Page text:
While sleep is important for the overall health of the human body and for most, it’s also quite enjoyable, especially after a long day at the office. However, for some people, going to bed can be terrifying.
We’re not talking about nightmares, either. Some people who find themselves completely paralyzed for a few moments. Sometimes it happens as they wake up and other times it happens while they are falling asleep.
Fortunately, sleep paralysis is generally not viewed as a dangerous condition, but it can be an exceptionally unpleasant experience that can cause a person to experience anxiety and fear.
In this article, we take a closer look at what sleep paralysis is as well as some of the most common reasons why people experience the condition.
What Is Sleep Paralysis?
Sleep paralysis is a condition where a sleeping person is fully conscious while experiencing short periods of time where they are unable to move. Typically, this occurs during the time when a person is falling asleep. In some cases, the sleep paralysis can kick in as a person is waking up.
Sufferers describe themselves lying awake in bed, fully aware of their surroundings but unable to move their body or perhaps even their eyes.
In the majority of cases where a person experiences an episode of sleep paralysis, the symptoms may only persist for a few seconds. There are, however, some people who say they have experienced this for a couple of minutes at a time. The longer the symptoms persist, the more terrifying the experience tends to be.
Some people experience sleep paralysis without the presence of other medical conditions. However, many cases have been reported in which a person experiences sleep paralysis along with other types of sleep disorders, such as narcolepsy.
What Are the Symptoms of Sleep Paralysis?
Sleep paralysis is primarily associated laying in bed awake but unable to control your body’s movements. Even though you are fully aware of your surroundings, you are unable to move any part of your body during an episode. This can happen as you fall asleep or as you wake up.
Many people also report other symptoms accompanying the paralysis, including:
- Extreme fear.
- Some people have reported feeling as though they are being watched by someone intending to do them harm—a kind of hallucination.
- Many say they find that breathing is difficult during an episode. A lot of people have reported that they felt like their chest was restricted during their paralysis.
- Some people report they are able to open their eyes or move their eyes around. Others report that they cannot. There are cases when a person experiences an episode, and they are unable to open their eyes at all.
After a few minutes, the physical effects of sleep paralysis typically subside, however, many report experiencing anxiety and feeling nervous about going back to sleep.
Who Is Affected by Sleep Paralysis?
Sleep paralysis is more common than a lot of people might realize. If you’ve experienced one of these episodes, you are definitely not alone. A team of researchers at the Pennsylvania State University did extensive research on existing studies about sleep paralysis.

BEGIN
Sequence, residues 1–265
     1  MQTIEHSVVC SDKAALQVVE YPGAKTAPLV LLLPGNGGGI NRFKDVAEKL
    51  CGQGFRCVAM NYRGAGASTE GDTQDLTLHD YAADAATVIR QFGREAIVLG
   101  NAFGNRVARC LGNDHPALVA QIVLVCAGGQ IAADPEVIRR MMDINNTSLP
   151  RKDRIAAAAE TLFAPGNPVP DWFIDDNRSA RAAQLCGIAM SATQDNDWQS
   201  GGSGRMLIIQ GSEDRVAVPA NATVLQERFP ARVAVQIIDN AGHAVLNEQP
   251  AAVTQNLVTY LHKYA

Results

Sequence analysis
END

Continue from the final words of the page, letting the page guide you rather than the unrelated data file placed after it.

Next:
These studies examined a total of 36,533 test subjects and found that when the general population is taken into account, about 7.6% of all people will experience sleep paralysis at least once in their lifetime. Additional findings were also reported:
- Among students, the prevalence of sleep paralysis was as high as 28.3%.
- Among psychiatric patients, a total of 31.9% reported a minimum of one episode where they experienced symptoms of sleep paralysis in the past.
- The prevalence of sleep paralysis was highest among psychiatric patients who had been diagnosed with panic disorder—at 34.6%.
What Causes Sleep Paralysis?
An episode of sleep paralysis generally occurs when your brain is still in a phase known as REM (rapid eye movement) sleep, but there is no specific cause that has been linked to sleep paralysis. Researchers have found that certain risk factors seem to play a role in the likeliness of a person experiencing an episode.
Some of the possible risk factors include:
- Insufficient sleep seems to play a big part in increasing the risk of sleep paralysis. Insomnia is one common cause of sleep deficiency that may contribute to these episodes.
- People who have shift jobs may be more likely to experience these symptoms. The frequent shifting in periods when at work and the time that the person is able to sleep causes a disruption in their circadian rhythm, which could ultimately impact REM sleep, as well as their general sleeping patterns.
- If you have a family history of this condition, then your risk of sleep paralysis may also be higher.
- Some people have found that they are more likely to experience sleep paralysis if they sleep on their back.
- People who suffer from narcolepsy, a diagnosable sleeping disorder, are also much more likely to experience these symptoms than those who don’t have the disorder.
- People with irregular sleeping patterns may have an increased risk of episodes.
In this post, we looked at what sleep paralysis is and considered the potential causes behind the condition. Sleep paralysis is generally not considered a dangerous condition, but for the people who have experienced it, it can bring about feelings of fear and anxiety. While some people experience these symptoms only on rare occasions, others may experience sleep paralysis more frequently.